‘No need to panic’ about swine flu

The Department of Health have confirmed cases of swine flu ((H1N1) and the adenovirus.

The Department of Health has confirmed that cases of swine flu (H1N1) and the adenovirus have been reported at Gatesville Medical Centre and at Montagu Primary School in Portland, Mitchell’s Plain last week.

But the provincial Department of Health urged people not to panic as these are common viruses and are no longer notifiable diseases.

Last week a daily newspaper ran a story about these viruses at the Mitchell’s Plain school and social media messages were making the rounds about the virus. According to reports, Montagu Primary handed out letters to parents notifying them about children displaying symptoms of the virus.

Jessica Shelver, spokesperson for Education MEC Debbie Schäfer, said the department was aware of the situation and acted on the advice of the health department.

She said they are not qualified to provide health advice or confirm cases.

Mark van der Heever, spokesperson for the provincial Department of Health, said cases of swine flu had been reported at Gatesville Medical Centre and of the adenovirus at Montagu Primary.

He said if someone should contract either swine flu or adenovirus there was appropriate medication available.

Mr Van der Heever said there was no outbreak of swine flu and adenovirus. “We are currently busy with a vaccination drive and have administered 82 937 doses of flu vaccines to the high risk groups.

“Swine flu and adenovirus have similar symptoms to that of flu and treatment. Our call to school principals and parents is to familiarise themselves with the information provided. There is no need for concern as these viruses are part of the viruses in circulation,” he said.

Mr Van der Heever said the National Institute for Communicable Diseases (NICD) announced on Wednesday June 14 that the flu season had officially begun. Among the circulating viruses this season are influenza type A viruses, including the H1N1 subtype also known as swine flu.

He said the virus was spread mainly by droplets when people with the flu cough, sneeze or talk. You can also catch flu by touching a surface or an object that has the flu virus on it, including swine flu.

He said people should practise good hygiene by keeping their hands clean, as well as surfaces. “One may also access the flu vaccine from your health care provider.

“People who are infected should stay at home and try to limit contact with other people, cover your nose and mouth when coughing or sneezing, discard used tissues in the bin, and wash hands often with soap or use alcohol-based hand sanitizer.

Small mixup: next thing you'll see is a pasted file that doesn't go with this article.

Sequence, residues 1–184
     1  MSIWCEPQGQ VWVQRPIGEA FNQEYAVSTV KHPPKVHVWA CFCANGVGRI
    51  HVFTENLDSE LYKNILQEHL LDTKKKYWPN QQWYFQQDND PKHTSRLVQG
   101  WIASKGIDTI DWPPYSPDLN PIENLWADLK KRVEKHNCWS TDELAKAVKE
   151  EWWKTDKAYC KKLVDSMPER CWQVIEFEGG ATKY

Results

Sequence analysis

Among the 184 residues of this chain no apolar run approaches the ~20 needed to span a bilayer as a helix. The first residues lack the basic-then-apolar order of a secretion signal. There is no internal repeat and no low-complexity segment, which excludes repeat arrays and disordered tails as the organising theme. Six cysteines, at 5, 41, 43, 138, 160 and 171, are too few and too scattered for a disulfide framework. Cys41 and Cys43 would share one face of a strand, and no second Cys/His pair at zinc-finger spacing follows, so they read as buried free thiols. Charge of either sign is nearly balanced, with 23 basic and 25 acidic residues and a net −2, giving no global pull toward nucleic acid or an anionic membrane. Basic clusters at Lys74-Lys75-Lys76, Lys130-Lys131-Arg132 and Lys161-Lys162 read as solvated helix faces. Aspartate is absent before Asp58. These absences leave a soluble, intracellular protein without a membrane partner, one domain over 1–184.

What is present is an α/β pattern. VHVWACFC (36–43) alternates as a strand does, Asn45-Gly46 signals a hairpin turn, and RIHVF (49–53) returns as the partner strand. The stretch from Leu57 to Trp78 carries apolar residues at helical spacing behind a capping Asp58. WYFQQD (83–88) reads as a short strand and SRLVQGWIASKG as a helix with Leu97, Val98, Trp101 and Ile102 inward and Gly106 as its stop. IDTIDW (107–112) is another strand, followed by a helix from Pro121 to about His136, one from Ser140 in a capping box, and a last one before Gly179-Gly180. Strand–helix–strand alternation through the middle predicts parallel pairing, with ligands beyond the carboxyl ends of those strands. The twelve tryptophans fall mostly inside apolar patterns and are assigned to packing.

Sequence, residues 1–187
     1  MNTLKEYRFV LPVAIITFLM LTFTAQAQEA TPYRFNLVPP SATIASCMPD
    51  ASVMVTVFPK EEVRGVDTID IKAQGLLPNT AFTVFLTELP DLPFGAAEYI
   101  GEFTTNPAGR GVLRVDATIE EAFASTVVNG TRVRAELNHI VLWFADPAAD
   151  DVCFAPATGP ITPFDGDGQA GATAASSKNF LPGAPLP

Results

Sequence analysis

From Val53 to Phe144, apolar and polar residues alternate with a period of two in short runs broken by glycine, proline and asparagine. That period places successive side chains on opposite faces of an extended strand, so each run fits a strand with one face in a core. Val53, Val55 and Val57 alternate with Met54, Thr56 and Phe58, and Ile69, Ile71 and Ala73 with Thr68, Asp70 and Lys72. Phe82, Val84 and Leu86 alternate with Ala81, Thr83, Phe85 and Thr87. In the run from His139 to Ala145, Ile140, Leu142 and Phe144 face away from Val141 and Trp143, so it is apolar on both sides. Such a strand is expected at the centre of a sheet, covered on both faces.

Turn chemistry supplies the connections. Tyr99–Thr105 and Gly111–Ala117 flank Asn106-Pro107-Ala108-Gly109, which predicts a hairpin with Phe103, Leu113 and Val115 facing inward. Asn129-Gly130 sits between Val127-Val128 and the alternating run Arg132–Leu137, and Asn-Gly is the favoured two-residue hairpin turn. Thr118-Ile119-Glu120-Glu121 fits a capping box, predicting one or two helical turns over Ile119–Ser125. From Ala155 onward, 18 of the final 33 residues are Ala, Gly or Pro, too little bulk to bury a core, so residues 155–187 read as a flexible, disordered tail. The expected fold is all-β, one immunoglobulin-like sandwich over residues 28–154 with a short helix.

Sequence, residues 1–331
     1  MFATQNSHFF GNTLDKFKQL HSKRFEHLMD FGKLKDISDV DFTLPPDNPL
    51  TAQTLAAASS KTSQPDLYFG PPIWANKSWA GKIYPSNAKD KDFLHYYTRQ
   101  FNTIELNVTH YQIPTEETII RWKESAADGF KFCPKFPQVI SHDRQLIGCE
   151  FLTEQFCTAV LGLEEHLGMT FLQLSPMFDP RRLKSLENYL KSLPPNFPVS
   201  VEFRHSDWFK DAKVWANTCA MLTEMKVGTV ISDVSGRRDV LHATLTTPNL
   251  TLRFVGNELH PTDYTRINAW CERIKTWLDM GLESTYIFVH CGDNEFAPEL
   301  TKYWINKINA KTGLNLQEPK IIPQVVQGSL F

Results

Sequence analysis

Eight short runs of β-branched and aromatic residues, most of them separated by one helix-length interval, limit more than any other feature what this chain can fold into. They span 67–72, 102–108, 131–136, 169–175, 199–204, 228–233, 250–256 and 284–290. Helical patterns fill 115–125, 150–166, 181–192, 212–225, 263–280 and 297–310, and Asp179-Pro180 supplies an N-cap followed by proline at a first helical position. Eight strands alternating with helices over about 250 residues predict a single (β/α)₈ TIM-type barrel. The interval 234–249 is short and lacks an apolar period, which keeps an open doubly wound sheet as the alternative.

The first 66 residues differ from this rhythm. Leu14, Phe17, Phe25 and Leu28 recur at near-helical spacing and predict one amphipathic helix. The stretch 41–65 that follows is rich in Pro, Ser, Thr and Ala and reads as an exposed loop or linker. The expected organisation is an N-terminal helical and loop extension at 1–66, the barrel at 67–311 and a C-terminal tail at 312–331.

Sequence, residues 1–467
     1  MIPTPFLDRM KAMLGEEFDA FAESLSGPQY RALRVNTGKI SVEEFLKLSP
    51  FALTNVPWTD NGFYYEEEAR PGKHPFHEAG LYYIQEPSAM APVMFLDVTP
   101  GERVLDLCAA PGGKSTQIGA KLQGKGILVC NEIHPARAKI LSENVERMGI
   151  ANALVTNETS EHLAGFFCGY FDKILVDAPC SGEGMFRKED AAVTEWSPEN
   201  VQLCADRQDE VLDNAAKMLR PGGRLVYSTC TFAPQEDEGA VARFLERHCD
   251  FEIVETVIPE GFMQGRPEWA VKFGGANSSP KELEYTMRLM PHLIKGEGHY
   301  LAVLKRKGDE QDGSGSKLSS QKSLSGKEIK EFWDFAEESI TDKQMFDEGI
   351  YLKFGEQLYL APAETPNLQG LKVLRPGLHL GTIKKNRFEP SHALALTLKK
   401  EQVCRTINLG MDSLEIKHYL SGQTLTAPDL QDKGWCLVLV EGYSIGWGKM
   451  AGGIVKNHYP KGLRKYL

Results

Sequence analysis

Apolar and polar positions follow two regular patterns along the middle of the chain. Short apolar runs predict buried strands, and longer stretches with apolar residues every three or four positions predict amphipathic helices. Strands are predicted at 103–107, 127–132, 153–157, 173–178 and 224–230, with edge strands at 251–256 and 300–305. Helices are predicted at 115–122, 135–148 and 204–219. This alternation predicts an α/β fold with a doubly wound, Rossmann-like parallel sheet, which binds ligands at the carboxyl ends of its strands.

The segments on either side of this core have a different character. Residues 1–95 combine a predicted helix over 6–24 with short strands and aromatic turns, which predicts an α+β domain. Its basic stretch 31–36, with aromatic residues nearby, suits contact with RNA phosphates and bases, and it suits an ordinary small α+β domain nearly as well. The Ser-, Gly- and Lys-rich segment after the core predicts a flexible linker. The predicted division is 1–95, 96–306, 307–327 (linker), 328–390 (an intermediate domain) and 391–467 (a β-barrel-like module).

“Common symptoms of flu include fever, dry cough, sore throat, headache, fatigue, muscle pain and body aches, cold shivers, and hot sweats. Some people may have vomiting and diarrhoea,” he said.

Mr Van der Heever said the swine flu and the adenovirus were common viruses, and were also in circulation in South Africa. “Because these are not notifiable diseases we cannot confirm how many cases there are.

“The department has received telephonic reports of cases and these are currently being followed up through our health facilities in addressing these and other communicable diseases, as appropriate,” he said.

The adenoviruses are a group of viruses known to cause a wide range of illnesses including the common cold, sore throat, bronchitis, fever, diarrhoea, pink eye, skin rashes, bladder infections, gastroenteritis, neurologic disease, and pneumonia.

This is mostly spread via the same routes as influenza viruses, and in addition may be spread through an infected person’s stools.

“The symptoms of adenoviral infection are similar to flu symptoms, and are generally less severe. The prevention and control measures are also the same as those described for influenza above,” he said.

Mr Van der Heerver said every year during the winter months, between May and August, the country experienced an increase in the number of cases of influenza.

He said swine flu behaved just like any other seasonal flu strain and clinical presentation, severity and management were the same as for seasonal flu.

Protection against adenoviruses, swine flu and other respiratory illnesses includes:

Wash your hands often with soap and water.

Cover your mouth and nose when coughing or sneezing.

Avoid touching your eyes, nose, or mouth with unwashed hands.

Avoid close contact with people who are sick.

Stay home when you are sick.